A brand new comedy-drama from David Nobbs, author of
A Bit Of A Do among many other triumphs.
George Rudge (Dennis Quilley, unexpectedly funny for an actor usually associated with straight roles) is the widowed owner of a biscuit factory, pompous, set in his ways and lonely. He has three difficult teenagers and an aged father (Lionel Jeffries) who talks about nothing but sex. Julia Merrygrove (Patricia Hodge) is a divorcee with two difficult teenage children, a mother (Jean Alexander) who's obsessed with snooker and a prat of an ex-husband.
In the final episode, the love affair between George and Julia is still beset with problems, some of their own making and others created by their troublesome families. Neither of them can put aside their high-minded principles long enough to give their relationship a chance. Even when they arrive in London for their much-delayed romantic weekend, the touchy subject of the factory crèche causes temperatures to rise. Meanwhile, back, in Yorkshire, Grandpa Rudge (Lionel Jeffries) and Granny Trellis's friendship is on the line again when he admits that his much trumpeted adventures in India are as unreal as his love of snooker. Out of the window goes the last days of the Raj and in come stink bombs and whoopee cushions . .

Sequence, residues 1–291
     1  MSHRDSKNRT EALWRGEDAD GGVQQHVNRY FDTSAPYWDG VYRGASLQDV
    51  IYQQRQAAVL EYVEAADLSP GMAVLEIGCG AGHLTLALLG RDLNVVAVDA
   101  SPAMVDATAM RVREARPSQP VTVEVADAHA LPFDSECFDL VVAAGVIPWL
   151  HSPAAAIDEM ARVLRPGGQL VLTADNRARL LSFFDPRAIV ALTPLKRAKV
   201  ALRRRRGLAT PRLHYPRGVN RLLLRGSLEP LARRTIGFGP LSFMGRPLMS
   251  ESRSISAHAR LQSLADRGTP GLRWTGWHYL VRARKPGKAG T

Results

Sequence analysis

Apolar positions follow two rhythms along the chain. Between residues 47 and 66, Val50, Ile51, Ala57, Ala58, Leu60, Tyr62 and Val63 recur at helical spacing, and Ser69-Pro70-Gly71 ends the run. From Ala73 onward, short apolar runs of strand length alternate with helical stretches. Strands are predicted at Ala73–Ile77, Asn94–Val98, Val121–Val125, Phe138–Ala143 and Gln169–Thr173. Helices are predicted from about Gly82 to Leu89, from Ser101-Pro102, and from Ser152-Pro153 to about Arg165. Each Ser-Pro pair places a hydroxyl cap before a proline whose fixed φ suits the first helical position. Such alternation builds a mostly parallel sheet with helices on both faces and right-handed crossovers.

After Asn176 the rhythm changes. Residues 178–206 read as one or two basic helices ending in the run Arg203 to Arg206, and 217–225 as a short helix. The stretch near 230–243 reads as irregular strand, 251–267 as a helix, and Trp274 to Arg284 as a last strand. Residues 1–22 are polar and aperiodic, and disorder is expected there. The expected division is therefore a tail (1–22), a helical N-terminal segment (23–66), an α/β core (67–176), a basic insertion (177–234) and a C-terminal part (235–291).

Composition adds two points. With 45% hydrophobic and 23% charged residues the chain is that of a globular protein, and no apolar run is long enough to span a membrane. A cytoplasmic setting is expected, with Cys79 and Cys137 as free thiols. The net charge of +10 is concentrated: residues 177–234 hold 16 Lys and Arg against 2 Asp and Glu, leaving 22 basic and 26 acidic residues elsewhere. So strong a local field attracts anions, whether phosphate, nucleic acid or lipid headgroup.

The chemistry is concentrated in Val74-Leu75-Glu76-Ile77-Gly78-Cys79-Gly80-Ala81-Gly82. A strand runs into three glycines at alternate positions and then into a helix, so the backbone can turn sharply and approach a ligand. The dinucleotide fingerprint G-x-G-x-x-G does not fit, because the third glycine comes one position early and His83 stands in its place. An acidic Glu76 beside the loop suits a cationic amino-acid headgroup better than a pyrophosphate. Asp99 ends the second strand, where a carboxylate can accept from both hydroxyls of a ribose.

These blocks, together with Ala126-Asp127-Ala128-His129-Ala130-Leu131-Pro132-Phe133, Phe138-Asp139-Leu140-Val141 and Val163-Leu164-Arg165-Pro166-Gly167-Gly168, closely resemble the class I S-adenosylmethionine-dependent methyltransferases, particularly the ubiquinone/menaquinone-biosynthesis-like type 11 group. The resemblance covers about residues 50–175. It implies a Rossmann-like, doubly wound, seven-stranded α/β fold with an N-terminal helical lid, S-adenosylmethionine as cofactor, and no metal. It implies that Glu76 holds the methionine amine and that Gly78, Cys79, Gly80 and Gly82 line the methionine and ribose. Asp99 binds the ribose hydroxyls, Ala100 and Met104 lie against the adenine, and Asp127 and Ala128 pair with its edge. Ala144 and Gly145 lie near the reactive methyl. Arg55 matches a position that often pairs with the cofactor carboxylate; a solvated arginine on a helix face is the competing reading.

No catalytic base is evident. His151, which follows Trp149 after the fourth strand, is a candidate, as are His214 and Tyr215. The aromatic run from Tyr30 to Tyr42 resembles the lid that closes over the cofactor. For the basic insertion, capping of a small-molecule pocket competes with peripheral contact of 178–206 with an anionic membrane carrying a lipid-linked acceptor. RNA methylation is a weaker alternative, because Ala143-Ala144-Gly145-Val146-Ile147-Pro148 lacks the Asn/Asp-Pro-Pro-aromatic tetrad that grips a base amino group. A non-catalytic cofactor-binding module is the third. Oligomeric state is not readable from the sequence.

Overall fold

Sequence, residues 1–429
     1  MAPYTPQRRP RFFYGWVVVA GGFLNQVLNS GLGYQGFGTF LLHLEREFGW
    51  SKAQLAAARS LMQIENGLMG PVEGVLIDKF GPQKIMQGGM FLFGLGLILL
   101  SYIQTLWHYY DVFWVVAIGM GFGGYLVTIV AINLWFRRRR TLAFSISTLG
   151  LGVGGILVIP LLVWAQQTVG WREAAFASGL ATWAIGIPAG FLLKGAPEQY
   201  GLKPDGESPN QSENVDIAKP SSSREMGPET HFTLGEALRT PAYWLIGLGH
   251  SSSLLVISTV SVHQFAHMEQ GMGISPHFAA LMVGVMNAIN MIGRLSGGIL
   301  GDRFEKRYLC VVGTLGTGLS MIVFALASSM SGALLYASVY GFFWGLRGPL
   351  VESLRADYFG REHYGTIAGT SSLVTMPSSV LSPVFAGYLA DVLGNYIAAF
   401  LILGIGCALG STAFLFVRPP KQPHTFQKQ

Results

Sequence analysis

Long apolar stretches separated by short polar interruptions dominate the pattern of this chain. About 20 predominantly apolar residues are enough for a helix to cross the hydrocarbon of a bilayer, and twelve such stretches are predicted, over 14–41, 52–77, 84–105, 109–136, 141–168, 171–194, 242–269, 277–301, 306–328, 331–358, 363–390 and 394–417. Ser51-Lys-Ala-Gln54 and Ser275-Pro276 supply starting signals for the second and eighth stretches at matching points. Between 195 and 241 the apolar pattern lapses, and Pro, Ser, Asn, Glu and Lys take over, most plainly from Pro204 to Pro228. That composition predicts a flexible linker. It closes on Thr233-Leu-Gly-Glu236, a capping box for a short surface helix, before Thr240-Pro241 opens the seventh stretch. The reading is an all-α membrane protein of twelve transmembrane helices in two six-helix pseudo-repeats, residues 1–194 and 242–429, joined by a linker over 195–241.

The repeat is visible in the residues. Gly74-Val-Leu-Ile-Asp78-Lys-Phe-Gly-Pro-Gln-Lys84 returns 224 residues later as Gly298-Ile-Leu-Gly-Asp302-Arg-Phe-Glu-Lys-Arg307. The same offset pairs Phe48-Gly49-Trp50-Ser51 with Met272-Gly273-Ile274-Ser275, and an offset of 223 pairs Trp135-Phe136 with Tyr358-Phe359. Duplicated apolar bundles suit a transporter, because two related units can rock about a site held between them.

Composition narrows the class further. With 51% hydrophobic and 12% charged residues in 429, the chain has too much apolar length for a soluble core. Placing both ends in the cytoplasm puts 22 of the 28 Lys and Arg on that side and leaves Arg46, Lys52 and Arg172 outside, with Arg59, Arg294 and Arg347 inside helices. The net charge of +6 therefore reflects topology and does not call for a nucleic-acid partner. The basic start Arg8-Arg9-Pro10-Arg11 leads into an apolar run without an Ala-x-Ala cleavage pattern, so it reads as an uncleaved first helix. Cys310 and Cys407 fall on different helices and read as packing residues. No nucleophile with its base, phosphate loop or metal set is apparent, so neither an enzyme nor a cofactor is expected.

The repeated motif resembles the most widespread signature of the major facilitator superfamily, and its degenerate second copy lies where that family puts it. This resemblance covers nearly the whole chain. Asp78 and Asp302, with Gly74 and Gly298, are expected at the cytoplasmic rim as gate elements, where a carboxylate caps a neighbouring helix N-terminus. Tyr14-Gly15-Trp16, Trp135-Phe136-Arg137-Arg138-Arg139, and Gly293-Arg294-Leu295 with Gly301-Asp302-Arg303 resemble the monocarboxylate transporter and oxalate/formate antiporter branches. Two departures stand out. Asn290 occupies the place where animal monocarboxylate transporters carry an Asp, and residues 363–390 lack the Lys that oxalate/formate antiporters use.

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Recaps1x1: Sex and Snooker recap
: This comedy drama series is cause for a small celebration because it is writer David Nobbs' first offering since the sublime A Bit of a Do. It boasts an exceptionally strong cast, headed by Patricia Hodge, Lionel Jeffries, Denis Quilley and Jean Alexander, and centres on the relationship between two families in a middle-class Yorkshire town. The story springs from a chance meeting at a petrol station between Julia Merrygrove (Hodge), a bitter, divorced and partly-liberated mother of two teenagers; and George Rudge (Quilley), a widowed father of three and the chauvinistic boss at Rudge Brothers biscuit factory/where she works. Their first encounter doesn't augur well for the future and neither does their second meeting. But gradually their lives and those of their families, Including Julia's snooker-mad mother (Alexander) and George's sex-mad father (Jeffries), become entwined. Somewhere in the middle of it all are Julia's ex-husband (the excellent Ray Lonnen), his girlfriend Nikki, George's besotted secretary and one Colin Pink from the biscuit factory's packing department. Wry humour galore, with a down-to-earth Hodge veering neatly away from her more familiar image as a well-bred English rose... read more.